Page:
MIL-EMBEDDED: If you were to name three growth areas in the military embedded market what would they be and why?
SIVERTSON: Modernization efforts are a strong, steady market for embedded computing suppliers in the defense community – especially as the DoD continues to pass the development costs on the front end to defense contractors. Some amount of that modernization is taking place with form, fit, and function upgrades to leverage new capabilities in legacy tanks, ships, and aircraft. It is a huge investment and represents what I call the base market for defense technology. This solid base won’t go away and has moved a lot toward embedded COTS technology as the DoD can’t afford to spend a lot of money on upfront development costs but still needs the latest technology innovations.
A significant growth area is unmanned systems, particularly in unmanned ground vehicles (UGVs). These robots will be huge cost savers in the long run for the military, especially in personnel. I read an article that the U.S. Army will have up to 10 robots for every soldier by 2020. A huge chunk of the federal budget is spent on personnel. The amount spent on military weapons is small compared to personnel, as it has to cover lifetime pensions, medical benefits, etc. If you could replace every third soldier with a couple robots, you could really drop the federal budget footprint for the military. The success of unmanned aircraft in the military only bodes well for UGVs and other unmanned platforms. We have products in unmanned naval and ground applications and are absolutely looking at the potential of unmanned systems in the commercial market, as well.
Another area that is growing is cyber security. Trust is a foundational technology requirement for this. It is needed for everything around the defense space – a trusted supply chain, trusted data, trusted devices, etc. One element of such trust can be enabled in hardware solutions through continuous health monitoring in embedded computer boards. We offer trusted computing modules with built-in health monitoring and are investigating other technologies to bring into this sector of the market.
MIL-EMBEDDED: Disruptive technology is an often-used phrase to mark turning points in the high tech sectors. What are two or three disruptive technologies that have changed or will change the face of military embedded computing?
SIVERTSON: I think the iPhone has greatly impacted the military world. Military leaders want to know why they can’t have the same commercial technology for the battlespace that everyday consumers have at home. The DoD is already exploring and evaluating smart phone capability for use by the warfighter. The trick will be securing it to NSA level standards and in rugged packages for use in battlefield environments.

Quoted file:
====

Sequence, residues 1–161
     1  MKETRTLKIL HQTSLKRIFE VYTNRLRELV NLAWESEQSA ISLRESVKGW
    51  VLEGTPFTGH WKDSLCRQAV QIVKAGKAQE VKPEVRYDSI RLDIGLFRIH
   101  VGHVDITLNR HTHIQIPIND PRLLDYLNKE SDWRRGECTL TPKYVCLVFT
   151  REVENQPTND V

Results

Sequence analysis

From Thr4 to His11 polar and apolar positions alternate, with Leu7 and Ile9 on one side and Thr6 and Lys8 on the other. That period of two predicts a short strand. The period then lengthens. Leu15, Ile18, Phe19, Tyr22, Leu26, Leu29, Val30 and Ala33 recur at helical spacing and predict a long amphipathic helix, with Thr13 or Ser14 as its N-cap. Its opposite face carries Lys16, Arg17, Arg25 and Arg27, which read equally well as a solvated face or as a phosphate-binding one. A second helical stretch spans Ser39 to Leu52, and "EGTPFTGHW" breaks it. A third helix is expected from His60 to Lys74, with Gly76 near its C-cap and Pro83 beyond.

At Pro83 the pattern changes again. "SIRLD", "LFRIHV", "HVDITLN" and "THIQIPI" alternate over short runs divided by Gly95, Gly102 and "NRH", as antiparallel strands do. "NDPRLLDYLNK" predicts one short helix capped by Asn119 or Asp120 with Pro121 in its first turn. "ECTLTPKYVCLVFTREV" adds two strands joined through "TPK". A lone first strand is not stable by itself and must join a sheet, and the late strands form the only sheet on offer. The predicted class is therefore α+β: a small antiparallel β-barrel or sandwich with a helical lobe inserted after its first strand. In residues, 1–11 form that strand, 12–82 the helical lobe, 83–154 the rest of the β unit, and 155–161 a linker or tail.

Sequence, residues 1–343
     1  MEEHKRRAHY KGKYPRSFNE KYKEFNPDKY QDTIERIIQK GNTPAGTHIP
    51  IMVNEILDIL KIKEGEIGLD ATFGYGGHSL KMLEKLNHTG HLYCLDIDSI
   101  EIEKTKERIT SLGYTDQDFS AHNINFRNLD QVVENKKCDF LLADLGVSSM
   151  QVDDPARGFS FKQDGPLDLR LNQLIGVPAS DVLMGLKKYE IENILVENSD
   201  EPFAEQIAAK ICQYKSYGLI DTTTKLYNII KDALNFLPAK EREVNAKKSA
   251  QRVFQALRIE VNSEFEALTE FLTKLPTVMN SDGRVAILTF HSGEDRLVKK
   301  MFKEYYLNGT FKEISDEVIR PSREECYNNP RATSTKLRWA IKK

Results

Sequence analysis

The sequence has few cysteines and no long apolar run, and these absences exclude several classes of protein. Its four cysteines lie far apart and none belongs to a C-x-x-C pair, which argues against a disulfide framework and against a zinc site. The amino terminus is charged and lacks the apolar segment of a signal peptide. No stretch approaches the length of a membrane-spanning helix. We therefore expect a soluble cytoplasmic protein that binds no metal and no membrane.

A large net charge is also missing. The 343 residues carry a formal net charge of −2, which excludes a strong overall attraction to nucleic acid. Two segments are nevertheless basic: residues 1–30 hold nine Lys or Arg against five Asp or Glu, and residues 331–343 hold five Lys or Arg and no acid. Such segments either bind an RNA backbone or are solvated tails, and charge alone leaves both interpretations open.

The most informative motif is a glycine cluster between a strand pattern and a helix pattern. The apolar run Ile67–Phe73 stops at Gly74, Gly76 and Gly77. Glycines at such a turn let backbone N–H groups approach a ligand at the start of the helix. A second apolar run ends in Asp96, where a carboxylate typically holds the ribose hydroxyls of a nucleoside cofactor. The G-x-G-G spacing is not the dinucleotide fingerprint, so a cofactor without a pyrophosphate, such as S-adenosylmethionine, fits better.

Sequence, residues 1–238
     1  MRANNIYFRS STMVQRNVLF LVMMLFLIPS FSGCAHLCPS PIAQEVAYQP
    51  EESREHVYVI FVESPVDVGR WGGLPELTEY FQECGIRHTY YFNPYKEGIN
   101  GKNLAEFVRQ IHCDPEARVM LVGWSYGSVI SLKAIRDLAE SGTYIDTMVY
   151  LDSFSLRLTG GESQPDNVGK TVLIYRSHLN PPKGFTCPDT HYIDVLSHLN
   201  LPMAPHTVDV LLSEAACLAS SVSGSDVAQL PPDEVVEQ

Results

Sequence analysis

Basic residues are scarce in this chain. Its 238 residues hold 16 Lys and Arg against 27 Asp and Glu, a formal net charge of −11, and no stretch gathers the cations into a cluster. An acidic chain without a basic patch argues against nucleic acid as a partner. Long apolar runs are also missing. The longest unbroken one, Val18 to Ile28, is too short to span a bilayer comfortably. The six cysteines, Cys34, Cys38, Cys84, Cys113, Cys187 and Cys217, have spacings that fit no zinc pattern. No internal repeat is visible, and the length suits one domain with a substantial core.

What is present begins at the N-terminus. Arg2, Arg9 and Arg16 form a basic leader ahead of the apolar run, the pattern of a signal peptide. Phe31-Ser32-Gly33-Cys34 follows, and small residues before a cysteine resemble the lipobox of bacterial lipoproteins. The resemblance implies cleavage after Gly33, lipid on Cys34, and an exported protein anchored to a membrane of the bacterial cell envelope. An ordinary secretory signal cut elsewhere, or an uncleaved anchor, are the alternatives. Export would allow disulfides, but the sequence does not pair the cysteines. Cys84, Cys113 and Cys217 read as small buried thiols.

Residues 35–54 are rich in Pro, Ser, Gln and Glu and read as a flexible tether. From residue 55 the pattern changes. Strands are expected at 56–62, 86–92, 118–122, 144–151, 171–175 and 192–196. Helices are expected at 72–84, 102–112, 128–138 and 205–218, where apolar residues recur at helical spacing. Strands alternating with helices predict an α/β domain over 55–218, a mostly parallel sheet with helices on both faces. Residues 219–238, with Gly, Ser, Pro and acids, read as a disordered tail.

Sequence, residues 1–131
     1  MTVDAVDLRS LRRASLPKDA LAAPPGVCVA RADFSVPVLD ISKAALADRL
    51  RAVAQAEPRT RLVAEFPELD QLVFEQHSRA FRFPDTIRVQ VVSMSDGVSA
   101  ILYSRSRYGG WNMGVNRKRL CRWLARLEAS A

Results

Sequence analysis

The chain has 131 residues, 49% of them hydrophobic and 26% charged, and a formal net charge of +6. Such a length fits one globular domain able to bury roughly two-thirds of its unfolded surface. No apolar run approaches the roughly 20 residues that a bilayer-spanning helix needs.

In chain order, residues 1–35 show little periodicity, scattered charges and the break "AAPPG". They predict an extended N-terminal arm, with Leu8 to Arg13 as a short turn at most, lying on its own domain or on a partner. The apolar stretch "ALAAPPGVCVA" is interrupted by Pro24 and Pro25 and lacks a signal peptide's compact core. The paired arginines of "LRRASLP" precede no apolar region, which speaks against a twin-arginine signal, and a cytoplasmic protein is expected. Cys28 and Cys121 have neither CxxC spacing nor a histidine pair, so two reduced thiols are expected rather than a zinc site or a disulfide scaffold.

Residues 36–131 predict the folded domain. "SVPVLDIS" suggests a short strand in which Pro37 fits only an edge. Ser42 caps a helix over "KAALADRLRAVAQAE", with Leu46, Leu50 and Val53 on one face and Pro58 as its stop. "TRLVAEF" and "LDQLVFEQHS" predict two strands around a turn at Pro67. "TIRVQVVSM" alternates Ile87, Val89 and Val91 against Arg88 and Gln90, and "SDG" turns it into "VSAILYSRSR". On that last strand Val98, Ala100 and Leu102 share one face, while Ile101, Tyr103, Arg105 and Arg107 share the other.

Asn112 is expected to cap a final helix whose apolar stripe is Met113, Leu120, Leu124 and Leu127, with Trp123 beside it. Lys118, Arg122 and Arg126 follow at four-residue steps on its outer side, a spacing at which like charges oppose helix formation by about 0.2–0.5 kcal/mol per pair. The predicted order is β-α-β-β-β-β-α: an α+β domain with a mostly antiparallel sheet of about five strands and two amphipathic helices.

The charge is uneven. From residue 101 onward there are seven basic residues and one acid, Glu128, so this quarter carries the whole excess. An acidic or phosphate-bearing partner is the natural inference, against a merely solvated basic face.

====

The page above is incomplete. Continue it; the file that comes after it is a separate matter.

Unmanned vehicles have been a disruptive technology for the military with the entire unmanned market space promising to be truly disruptive when the technology reaches the commercial markets.
A third would be the speed of electronic connection through the Internet. The government gave us the Internet through DARPA – then called ARPA. The Internet was created as a protective tool during the nuclear era and now has turned around to be one of the biggest threats to the whole planet. Look at all the cyber attacks happening, such as Edward Snowden’s release of classified information. The cyber security realm is tied to this pervasiveness of the Internet.
MIL-EMBEDDED: Many on the embedded supplier side say the biggest challenge their engineers face is balancing power vs. performance requirements – putting as much performance as possible in small form factors at low power. Are you seeing the same trend? How do you deal with the thermal management challenges in small form factors?
SIVERTSON: We’ve seen SWaP becoming a big issue in the market – for the industrial space, communications space, etc. Each Kontron business unit is dealing with this problem. Moore’s law is still alive and well, so the race for performance in smaller packages is leading to some real challenges here. When you put a lot of stuff in a small space it is hard to get the heat out. We also need to deal with how to get heat out without air or fans. Conduction cooling in a rugged environment is a real challenge as electronics get smaller.
Wearables also represent a thermal management challenge. They require good conduction cooling rather than liquid cooling. It needs to be fanless to prevent the insides from being exposed to dust and environmental conditions while performing ever-greater tasks. This is also putting a real strain on power technologies like rechargeable batteries.
One trend that will enable more efficient management of SWaP is the use of 3D transistors. Working with companies such as Intel as they go to a 14-nanometer silicon process with 3D transistors enables an increase in processor speed at lower power – all critical to meeting the SWaP challenge.
MIL-EMBEDDED: Which of these standards will play the greatest role in military designs in the future and why: VPX, VME, CompactPCI, COM Express, or PC/104?
SIVERTSON: 3U VPX is trending right now. The xTCA form factor peaked about five years ago when there was a massive push to use it in lots of places. We’re seeing 3U VPX being the highest performer right now for military applications. COM Express has become a heavy lifter for many middle performance level applications and SMARC is taking off for small form factor solutions, such as wearables and disposables. Finally, there is still plenty of VME, CompactPCI, and PC/104 being used in legacy systems, too.
MIL-EMBEDDED: System integrators and prime contractors still say the biggest problem they have with COTS technology is obsolescence. Will that ever change? How does Kontron combat this problem?